When Laertes learns of his father’s murder he storms into the castle with an army of soldiers shouting “To hell, allegiance! vows, to the blackest devil! Conscience and grace, to the profoundest pit! I dare damnation: to this point I stand, that both worlds I give to negligence, let come what comes; only I’ll be revenged most thoroughly for my father”(246). Laertes challenges the king, an act of treason, based on gossip alone. Laertes is however brave to a fault. While his actions seem far superior to Hamlet’s, Shakespeare suggests that they are just as futile and ill-fit for the situation as Hamlet’s passiveness.

By directly attacking the situation, Laertes is exposing his raw emotions to the king and Hamlet. Therefore he leaves himself vulnerable to the king’s manipulation. While Laertes thought he wanted to kill Hamlet, he was purposely tricked by the king into committing the king’s heinous act. His desire for action hindered his thought process. It was in those weakest moments, magnified by Ophelia’s insanity, that the king coddled Laertes and told him “be patient and I’ll work to satisfy to the fullest extent your deepest need for revenge” (250).

His thirst for blood blinded him from the degree that he was being used. Hamlet and Laertes are in similar situations, they both want revenge for their deceased fathers, both had the same passion. Laertes and Hamlet both experienced extreme guilt after their fathers’ deaths. Both were victimized by the king. While Laertes was dying, he realized that he was rushed into killing Hamlet. His last words were “He got what he deserved. He mixed that poison himself. Please forgive me as I forgive you, Hamlet. You’re not responsible for my death and my father’s, and I’m not responsible for yours”(330).

His last words were an admission of his fatal flaw. He allowed for his extreme need for revenge to ruin not only his world, but also Hamlet’s. As the scene goes on, the body count increases. Hamlet dies a martyr, but only after killing the king. Hamlet’s death is unfortunate as it could have been avoided if only Hamlet had dealt with the immoral king with more force. Shakespeare uses Fortinbras as his very own pawn, to serve as a role model for the perfect human. While Hamlet is riddled with emotional instability, Fortinbras appears to be completely in control of his emotions.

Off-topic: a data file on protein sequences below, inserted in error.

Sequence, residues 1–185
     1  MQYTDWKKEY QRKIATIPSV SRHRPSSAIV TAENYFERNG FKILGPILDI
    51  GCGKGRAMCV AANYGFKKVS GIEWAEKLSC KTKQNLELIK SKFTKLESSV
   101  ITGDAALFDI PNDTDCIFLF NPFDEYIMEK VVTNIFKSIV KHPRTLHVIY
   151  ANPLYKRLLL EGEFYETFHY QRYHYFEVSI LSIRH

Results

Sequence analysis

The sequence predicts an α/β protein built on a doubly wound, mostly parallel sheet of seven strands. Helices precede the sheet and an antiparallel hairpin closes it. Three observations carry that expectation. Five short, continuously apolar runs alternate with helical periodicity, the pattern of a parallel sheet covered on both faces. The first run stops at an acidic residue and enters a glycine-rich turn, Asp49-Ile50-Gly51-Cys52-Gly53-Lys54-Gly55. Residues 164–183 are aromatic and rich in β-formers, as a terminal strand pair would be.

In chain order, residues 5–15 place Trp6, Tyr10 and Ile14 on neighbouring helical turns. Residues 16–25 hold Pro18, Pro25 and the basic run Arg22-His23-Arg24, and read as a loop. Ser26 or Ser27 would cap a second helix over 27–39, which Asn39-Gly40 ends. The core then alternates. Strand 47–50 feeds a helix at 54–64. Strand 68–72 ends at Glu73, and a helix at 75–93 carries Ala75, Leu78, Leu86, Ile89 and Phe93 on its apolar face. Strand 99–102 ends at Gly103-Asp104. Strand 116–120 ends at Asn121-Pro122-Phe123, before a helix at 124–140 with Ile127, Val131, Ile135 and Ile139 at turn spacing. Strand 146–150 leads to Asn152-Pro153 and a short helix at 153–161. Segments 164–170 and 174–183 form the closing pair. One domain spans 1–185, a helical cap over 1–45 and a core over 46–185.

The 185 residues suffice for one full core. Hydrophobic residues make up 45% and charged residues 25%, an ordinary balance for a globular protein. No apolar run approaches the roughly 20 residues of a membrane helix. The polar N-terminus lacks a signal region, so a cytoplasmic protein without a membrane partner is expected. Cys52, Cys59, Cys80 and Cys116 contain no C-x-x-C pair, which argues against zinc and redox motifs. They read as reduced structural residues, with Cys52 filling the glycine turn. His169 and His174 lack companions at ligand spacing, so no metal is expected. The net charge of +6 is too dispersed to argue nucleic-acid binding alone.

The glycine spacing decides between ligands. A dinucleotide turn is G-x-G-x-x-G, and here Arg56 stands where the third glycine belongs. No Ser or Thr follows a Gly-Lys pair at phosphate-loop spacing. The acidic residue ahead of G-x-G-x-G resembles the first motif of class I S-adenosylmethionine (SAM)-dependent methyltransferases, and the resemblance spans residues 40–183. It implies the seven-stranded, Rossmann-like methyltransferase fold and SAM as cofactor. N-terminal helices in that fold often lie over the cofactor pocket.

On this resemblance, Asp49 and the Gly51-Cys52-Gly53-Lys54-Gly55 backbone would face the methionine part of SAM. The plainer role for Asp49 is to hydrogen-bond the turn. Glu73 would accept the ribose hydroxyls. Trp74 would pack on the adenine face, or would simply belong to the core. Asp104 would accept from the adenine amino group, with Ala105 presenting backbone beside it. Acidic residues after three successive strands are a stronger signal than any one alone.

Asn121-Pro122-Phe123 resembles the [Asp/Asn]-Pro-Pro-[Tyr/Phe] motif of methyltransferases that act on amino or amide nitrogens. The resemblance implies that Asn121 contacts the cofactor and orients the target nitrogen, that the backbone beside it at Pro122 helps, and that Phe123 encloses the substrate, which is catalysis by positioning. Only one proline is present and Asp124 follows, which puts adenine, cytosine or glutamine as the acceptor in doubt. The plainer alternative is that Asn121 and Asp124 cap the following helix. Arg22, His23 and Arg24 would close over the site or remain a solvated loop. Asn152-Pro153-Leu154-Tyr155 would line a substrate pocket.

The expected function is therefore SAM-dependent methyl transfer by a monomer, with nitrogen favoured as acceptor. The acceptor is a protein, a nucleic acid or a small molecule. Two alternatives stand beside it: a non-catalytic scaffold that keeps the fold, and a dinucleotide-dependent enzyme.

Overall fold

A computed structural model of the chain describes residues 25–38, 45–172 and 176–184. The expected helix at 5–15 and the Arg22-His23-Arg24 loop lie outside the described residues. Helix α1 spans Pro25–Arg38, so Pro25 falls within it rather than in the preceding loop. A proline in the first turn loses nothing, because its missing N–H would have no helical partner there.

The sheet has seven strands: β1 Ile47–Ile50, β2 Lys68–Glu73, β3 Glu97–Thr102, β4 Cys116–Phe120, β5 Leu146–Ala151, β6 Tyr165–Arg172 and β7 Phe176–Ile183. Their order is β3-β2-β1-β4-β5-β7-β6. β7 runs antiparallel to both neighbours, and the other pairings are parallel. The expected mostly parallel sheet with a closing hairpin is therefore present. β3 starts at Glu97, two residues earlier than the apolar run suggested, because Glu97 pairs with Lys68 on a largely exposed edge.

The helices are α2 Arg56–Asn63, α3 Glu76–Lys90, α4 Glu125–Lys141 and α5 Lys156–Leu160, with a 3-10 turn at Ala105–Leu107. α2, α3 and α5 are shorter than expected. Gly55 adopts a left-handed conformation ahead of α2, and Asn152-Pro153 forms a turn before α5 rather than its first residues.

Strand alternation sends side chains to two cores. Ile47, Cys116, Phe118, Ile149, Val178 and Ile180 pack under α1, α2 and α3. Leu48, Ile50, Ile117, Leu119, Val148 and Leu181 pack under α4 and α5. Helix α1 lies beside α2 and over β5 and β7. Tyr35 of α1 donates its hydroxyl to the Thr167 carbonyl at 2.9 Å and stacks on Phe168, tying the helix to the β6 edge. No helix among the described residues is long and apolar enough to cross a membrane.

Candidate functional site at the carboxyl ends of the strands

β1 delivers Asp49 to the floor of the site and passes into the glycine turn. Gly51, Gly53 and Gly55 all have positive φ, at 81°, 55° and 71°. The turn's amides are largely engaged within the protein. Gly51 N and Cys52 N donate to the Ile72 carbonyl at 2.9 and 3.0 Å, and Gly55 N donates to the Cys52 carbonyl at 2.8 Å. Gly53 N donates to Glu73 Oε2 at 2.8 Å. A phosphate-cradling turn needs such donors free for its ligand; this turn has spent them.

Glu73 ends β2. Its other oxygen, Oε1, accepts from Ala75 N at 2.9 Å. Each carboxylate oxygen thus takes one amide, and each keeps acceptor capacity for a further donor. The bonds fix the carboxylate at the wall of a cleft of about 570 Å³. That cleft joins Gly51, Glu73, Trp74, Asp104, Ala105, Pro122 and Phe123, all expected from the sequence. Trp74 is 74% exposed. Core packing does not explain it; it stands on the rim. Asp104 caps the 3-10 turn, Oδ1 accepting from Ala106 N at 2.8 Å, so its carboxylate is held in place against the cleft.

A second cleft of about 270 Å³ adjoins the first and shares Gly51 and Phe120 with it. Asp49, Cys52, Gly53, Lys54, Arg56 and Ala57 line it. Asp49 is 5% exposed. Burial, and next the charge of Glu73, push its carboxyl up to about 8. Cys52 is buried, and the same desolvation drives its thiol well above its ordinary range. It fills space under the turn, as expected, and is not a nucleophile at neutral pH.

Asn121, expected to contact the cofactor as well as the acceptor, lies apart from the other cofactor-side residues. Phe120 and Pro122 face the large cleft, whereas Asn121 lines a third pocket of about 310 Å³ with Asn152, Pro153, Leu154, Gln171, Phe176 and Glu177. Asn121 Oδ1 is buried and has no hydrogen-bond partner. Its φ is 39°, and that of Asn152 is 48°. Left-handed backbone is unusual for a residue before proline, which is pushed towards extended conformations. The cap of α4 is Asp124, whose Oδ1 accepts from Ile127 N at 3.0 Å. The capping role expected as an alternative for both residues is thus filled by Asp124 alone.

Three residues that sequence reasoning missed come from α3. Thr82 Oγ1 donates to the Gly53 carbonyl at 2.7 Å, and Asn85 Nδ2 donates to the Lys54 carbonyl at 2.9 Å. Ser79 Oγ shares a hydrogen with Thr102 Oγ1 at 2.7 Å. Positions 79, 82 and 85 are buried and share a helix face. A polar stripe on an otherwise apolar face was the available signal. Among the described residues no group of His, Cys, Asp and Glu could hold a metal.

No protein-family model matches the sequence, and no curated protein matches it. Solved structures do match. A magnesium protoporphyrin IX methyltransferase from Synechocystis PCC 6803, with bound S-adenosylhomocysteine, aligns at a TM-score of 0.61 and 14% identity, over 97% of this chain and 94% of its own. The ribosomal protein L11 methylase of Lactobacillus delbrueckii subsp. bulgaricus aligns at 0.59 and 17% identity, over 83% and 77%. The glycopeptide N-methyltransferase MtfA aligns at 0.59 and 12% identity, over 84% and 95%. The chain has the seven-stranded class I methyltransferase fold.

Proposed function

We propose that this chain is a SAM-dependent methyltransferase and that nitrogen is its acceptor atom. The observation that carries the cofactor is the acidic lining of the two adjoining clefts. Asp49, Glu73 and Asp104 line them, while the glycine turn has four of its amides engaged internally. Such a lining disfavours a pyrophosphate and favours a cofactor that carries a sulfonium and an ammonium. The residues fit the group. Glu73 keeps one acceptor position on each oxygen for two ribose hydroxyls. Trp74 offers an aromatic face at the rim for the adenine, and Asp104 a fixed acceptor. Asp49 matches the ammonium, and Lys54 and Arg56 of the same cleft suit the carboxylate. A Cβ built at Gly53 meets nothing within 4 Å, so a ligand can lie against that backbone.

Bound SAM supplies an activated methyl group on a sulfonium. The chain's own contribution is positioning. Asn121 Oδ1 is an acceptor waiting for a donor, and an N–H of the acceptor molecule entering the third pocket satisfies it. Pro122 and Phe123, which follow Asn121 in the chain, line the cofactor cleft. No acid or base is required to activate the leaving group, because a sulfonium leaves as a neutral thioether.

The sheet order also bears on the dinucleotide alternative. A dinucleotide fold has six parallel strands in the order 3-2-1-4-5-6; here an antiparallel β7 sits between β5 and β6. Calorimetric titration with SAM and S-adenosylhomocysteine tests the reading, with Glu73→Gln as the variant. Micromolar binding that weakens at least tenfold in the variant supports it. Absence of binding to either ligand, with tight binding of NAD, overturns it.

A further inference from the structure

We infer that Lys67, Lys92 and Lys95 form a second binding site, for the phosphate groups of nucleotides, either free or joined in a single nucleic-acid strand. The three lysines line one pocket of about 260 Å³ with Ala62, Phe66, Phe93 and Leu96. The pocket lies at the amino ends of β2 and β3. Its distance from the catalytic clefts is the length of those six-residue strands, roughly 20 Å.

While the majority of the characters throughout Hamlet are unable to achieve this, Fortinbras effectively achieves a balance between passivity and action. Fortinbras is passive at times, even intellectual. However, when he needs to he can turn into a merciless soldier. On the battlefield, he kills anyone who gets in his way. However, when placed in a sensitive situation he is sympathetic. When faced with Hamlet’s death he proclaims “Let four captains carry Hamlet like a soldier onto the stage. He would have been a great king if he had had the chance to prove himself.

Military music and military rites will speak for his heroic qualities”(336). Fortinbras’s abilities allow him to succeed in all facets of life. While some characters are limited to one role, for example Hamlet’s as a scholar , Fortinbras appears to fit well under any title. Fortinbras’s versatility contrasts and highlights Hamlet’s lack of flexibility. Fortinbras’s qualities would suit Hamlet best in his revenge request, sadly he is unable to acquire them. Hamlet’s inability to be flexible renders him corrupt and delegates the Danish kingdom to be ruled by more capable outsiders.

Throughout the play, Hamlet tries to be something that he is not. He often struggles to act bravely. He does not value his own natural demeanor, but instead detests it, hoping to possess a more “manly” persona. He wants to be able to kill a man without his hand shaking. Hamlet knows that this is not natural for him, yet he tries anyway. Hamlet, like most human beings, is incapable of mixing opposite emotions. He in unable to be both a scholar and a soldier, both a Christian and a slaughterer. Shakespeare suggests that Hamlet should not try to be something that he is not. He should simply “let be”.